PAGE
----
384 The Great Controversy Between Christ and Satan
Men sought their homes with praises upon their lips, and the glad
sound rang out upon the still night air. None who attended those
meetings can ever forget those scenes of deepest interest.
The proclamation of a definite time for Christ’s coming called
forth great opposition from many of all classes, from the minister
in the pulpit down to the most reckless, Heaven-daring sinner.
The words of prophecy were fulfilled: “There shall come in
the last days scoffers, walking after their own lusts, and saying,
‘Where is the promise of His coming?’ for since the fathers fell
asleep, all things continue as they were from the beginning of the
creation.”609 Many who professed to love the Saviour, declared
that they had no opposition to the doctrine of the second advent;
they merely objected to the definite time. But God’s all-seeing
eye read their hearts. They did not wish to hear of Christ’s
coming to judge the world in righteousness. They had been
unfaithful servants, their works would not bear the inspection
of the heart-searching God, and they feared to meet their Lord.
Like the Jews at the time of Christ’s first advent, they were not
prepared to welcome Jesus. They not only refused to listen to the
plain arguments from the Bible, but ridiculed those who were
looking for the Lord. Satan and his angels exulted, and flung the
taunt in the face of Christ and holy angels, that His professed
people had so little love for Him that they did not desire His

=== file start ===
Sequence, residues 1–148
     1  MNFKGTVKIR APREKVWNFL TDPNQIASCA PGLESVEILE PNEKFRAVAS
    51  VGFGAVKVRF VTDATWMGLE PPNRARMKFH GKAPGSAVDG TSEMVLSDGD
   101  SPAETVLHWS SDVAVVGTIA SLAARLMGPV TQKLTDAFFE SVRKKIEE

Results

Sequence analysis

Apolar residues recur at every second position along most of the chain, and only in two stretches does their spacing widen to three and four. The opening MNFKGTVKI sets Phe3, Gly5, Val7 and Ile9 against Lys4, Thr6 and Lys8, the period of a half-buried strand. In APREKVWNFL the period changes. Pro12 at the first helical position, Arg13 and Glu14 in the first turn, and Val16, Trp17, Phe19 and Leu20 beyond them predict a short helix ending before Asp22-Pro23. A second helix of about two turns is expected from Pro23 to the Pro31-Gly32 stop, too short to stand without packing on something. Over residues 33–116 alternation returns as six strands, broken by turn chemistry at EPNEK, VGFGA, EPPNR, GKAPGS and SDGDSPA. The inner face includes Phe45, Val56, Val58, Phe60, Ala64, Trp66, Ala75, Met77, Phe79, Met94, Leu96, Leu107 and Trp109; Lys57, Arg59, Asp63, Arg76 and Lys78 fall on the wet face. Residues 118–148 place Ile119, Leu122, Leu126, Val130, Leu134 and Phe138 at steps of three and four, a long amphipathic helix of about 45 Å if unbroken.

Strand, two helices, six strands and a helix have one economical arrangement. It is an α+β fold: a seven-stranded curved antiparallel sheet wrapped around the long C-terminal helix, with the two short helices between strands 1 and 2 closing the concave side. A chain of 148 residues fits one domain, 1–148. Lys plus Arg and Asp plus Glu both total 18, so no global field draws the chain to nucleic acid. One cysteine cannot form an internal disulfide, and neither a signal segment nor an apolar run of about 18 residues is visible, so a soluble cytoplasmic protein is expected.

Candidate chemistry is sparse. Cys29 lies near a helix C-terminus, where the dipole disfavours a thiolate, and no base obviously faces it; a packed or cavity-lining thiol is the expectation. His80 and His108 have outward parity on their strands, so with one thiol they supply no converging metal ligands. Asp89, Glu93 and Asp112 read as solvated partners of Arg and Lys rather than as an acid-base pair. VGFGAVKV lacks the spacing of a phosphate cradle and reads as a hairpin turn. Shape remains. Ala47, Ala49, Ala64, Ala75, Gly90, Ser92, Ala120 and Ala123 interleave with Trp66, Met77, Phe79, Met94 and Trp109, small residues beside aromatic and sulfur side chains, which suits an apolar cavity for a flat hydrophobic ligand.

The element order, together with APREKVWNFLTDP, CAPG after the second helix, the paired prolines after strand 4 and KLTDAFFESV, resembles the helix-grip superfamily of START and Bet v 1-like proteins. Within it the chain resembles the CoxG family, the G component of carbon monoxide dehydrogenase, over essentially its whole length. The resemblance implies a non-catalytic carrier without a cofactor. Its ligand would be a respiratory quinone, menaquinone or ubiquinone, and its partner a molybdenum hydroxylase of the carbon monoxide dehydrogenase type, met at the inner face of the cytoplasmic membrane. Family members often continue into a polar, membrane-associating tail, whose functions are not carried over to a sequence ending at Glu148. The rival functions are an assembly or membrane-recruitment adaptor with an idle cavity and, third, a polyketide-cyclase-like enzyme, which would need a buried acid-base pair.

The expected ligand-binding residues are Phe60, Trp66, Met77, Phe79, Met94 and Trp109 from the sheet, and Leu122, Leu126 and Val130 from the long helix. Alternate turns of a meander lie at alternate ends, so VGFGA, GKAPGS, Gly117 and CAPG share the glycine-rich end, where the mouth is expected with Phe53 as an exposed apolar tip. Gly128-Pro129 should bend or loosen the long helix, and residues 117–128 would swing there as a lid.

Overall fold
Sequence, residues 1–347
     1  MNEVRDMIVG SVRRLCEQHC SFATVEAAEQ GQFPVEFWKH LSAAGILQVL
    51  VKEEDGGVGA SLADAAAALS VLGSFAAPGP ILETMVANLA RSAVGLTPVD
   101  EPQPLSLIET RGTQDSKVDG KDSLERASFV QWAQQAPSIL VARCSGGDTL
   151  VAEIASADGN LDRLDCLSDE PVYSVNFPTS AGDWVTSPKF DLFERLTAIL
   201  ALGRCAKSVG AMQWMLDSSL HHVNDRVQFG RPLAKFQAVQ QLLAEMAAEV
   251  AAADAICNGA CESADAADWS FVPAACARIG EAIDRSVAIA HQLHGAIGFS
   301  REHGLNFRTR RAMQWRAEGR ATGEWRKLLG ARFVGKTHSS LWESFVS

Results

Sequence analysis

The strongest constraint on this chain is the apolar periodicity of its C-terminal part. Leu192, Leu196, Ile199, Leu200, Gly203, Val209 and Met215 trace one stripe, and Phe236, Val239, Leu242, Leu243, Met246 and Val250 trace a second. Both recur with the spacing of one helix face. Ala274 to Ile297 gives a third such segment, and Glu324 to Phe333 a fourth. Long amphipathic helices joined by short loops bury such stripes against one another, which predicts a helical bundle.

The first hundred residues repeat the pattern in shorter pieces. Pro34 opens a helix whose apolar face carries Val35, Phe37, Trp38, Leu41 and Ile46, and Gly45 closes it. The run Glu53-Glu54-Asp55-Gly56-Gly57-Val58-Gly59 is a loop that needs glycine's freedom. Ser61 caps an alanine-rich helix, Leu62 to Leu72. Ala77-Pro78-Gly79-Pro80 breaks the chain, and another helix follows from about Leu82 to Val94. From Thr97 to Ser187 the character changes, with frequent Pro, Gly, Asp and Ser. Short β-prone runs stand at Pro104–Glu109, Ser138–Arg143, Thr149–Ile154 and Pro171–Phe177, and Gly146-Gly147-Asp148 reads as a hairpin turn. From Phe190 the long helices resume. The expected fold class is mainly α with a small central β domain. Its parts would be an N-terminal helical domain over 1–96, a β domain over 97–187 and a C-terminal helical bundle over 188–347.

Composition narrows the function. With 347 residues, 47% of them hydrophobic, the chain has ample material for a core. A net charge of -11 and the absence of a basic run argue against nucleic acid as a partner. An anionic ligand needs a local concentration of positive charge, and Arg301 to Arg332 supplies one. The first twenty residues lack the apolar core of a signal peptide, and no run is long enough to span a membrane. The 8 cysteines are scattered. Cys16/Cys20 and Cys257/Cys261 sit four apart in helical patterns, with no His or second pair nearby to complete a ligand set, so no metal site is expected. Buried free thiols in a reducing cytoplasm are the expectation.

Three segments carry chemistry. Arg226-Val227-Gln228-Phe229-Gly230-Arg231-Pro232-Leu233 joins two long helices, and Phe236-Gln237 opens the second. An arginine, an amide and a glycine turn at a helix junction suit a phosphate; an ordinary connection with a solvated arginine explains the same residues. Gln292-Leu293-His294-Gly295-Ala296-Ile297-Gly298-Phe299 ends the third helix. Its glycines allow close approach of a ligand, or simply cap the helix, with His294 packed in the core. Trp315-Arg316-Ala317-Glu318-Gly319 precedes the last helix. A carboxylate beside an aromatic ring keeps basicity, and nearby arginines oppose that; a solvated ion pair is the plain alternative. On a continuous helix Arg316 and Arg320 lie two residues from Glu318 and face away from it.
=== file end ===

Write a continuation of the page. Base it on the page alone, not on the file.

appearing.
“No man knoweth the day nor the hour,” was the argument
most often brought forward by rejecters of the advent faith. The
[371] scripture is, “Of that day and hour knoweth no man, no, not
the angels of heaven, but My Father only.”610 A clear and harmonious
explanation of this text was given by those who were
looking for the Lord, and the wrong use made of it by their
opponents was clearly shown. The words were spoken by Christ
in that memorable conversation with His disciples upon Olivet,
609 2 Peter 3:3, 4.
610 Matt. 24:36, 3, 33, 42-51.
20. A Great Religious Awakening. 385
after He had for the last time departed from the temple. The
disciples had asked the question, “What shall be the sign of Thy
coming, and of the end of the world?” Jesus gave them signs,
and said, “When ye shall see all these things, know that it is
near, even at the doors.”611 One saying of the Saviour must not
be made to destroy another. Though no man knoweth the day
nor the hour of His coming, we are instructed and required to
know when it is near. We are further taught that to disregard His
warning, and refuse or neglect to know when His advent is near,
will be as fatal for us as it was for those who lived in the days of
Noah not to know when the flood was coming. And the parable